Nec mendax iocus est: “Quae violas foris,
servabit famulas inguinibus rosas.”} [2]

To Luxorius, a woman’s vagina is a fragrant, red rose — the star of flowers. It is doubly valued:

a pleasurable garden that is also useful to its master

{hortus amoenus inest aptior et domino} [3]

The vagina’s use is incomparably elevated:

Healing of all diseases follow from this place.
I have long thought that this spot is heaven, where the divine presence reigns,
because within this meadow death’s burden can be vanquished.

{Omnibus hinc moribus cura sequenda placet.
Iam puto quod caeli locus est ubi numina regnant,
cum datur his herbis vincere mortis onus.}

Throughout history men have commonly praised women. Yet in naturalistic poetry reaching to heaven, few have outdone Luxorius’s praise of the vagina.

No comparable poetry exists in praise of the penis. In medieval Latin poetry, Bernardus Silvestris forthrightly recognized the importance of the penis to women. Yet Bernardus’s poem doesn’t depict an organ exalted as much as the vagina in Luxorius’s poetry. Classical literature documents women’s appreciation for large penises, but it does so without poetic eloquence. Typical treatment of the penis is disparaging. The Old French fabliau The Fisherman of Pont-sur-Seine records a wife’s outrageous disparagement of her husband’s penis. The fifteenth-century Middle English poem A Talk of Ten Wives on Their Husbands’ Ware heaps abuse on husbands’ penises to an astonishing extent. Dafydd ap Gwilym’s medieval Welsh poem Cywydd y Gal (Penis Poem) shows how men internalize such abuse and how it becomes enshrined in men-oppressing sex criminalization. Compared to many initiatives today, encouraging more poetry in praise of men’s penises would be a relatively fruitful and worthwhile step toward gender equality.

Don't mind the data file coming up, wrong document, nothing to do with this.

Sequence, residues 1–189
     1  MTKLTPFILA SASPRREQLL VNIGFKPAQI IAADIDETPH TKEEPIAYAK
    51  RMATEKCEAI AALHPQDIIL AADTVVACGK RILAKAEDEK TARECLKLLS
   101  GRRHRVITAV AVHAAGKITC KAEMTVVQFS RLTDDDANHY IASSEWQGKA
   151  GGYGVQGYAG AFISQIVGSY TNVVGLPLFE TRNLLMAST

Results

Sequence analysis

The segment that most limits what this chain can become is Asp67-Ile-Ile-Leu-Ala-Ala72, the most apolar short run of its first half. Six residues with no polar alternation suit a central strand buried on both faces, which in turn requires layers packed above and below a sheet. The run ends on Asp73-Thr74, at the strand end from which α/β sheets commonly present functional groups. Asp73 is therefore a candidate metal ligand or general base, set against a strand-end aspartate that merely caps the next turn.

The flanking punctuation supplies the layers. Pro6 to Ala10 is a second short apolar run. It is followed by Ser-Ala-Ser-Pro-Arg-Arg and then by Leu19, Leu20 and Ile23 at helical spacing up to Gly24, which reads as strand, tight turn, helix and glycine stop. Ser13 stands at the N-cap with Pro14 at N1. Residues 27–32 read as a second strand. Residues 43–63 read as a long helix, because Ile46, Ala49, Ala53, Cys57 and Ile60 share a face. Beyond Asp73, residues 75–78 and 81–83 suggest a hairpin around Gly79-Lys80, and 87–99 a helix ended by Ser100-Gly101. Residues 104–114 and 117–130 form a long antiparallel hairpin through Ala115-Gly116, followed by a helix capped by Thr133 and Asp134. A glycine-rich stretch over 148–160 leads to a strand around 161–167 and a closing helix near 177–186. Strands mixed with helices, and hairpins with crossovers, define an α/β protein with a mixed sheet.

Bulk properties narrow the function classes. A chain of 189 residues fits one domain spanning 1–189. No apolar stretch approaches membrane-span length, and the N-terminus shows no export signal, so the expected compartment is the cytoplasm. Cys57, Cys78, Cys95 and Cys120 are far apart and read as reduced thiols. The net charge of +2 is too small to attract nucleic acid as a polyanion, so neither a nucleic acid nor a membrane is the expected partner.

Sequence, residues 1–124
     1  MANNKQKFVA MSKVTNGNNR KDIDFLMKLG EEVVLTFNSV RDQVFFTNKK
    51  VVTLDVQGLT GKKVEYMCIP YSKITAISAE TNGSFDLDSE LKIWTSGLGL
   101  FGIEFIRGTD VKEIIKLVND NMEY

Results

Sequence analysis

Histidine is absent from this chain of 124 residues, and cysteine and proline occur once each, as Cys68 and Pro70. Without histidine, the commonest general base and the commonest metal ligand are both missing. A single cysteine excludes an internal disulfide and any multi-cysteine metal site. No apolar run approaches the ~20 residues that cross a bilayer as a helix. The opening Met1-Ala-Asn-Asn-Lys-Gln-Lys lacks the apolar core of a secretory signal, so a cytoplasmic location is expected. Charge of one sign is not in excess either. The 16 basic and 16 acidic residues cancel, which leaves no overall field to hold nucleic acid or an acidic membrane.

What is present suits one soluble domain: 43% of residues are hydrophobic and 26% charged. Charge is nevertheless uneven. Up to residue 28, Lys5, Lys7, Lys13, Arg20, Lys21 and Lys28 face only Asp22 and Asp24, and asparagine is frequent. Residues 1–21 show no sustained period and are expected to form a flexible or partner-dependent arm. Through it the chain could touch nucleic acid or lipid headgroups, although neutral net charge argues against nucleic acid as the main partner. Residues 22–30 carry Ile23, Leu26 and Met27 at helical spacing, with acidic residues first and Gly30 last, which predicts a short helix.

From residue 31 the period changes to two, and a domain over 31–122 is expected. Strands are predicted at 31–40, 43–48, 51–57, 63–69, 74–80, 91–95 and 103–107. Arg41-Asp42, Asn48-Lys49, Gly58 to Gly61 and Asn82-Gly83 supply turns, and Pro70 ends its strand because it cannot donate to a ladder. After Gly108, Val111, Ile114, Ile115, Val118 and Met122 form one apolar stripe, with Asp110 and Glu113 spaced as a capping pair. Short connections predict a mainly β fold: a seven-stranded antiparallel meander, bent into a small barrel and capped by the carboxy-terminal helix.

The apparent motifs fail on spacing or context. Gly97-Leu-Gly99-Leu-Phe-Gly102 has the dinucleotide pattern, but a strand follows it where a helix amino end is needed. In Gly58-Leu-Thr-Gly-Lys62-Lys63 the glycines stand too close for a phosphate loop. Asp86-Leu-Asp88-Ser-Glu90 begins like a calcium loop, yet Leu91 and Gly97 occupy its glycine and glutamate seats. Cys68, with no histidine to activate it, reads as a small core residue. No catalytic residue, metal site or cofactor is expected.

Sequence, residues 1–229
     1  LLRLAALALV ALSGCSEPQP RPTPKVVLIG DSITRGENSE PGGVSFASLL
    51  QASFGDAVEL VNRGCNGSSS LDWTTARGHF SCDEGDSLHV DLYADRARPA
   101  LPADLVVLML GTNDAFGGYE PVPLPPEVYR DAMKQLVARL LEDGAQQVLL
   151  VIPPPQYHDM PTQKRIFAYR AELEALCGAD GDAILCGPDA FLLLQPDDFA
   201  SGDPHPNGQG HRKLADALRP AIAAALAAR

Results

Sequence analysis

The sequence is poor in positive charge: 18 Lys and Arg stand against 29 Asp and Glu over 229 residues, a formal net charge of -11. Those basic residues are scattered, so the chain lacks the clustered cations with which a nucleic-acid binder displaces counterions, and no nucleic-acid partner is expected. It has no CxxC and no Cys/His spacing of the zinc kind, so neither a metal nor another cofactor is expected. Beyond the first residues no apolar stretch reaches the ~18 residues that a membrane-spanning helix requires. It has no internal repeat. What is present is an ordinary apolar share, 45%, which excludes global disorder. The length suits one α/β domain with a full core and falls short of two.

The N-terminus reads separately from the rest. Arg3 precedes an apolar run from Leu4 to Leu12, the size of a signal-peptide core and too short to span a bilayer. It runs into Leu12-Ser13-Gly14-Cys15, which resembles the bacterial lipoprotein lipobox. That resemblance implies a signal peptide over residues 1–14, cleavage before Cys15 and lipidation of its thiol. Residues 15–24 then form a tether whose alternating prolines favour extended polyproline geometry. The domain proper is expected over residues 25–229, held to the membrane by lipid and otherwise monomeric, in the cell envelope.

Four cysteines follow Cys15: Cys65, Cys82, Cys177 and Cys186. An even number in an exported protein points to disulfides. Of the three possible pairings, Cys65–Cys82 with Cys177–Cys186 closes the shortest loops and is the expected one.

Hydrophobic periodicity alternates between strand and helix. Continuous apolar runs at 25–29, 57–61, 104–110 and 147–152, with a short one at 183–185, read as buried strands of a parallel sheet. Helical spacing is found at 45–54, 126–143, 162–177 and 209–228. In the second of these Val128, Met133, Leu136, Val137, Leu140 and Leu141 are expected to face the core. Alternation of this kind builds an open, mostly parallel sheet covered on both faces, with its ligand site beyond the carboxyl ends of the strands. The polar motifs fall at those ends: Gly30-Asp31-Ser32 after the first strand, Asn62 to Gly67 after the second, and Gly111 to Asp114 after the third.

*  *  *  *  *

Read more:


[1] Luxorius, Hanc puto de proprio, Anthologia Latina 361, Latin text from Riese & Shackleton Bailey (1982) p. 281, my translation with help from Rosenblum (1961) p. 159  (poem 80) and Beck (2012) p. 177. Subsequent translations are done similarly. Cypriot is an epithet for Venus, the Roman goddess of love. Beck (2012), pp. 13-4, recognizes the erotic figure of this poem.

On Lucifer, see Isaiah 14:12-5 and Luke 10:18.

[2] Luxorius, Cypris candidulo, Anthologia Latina 351, Latin text from Riese & Shackleton Bailey (1982) pp. 275-6. This is poem 70 in Rosenblum and Beck. Readings of the Latin vary for the last two lines. Rosenblum has: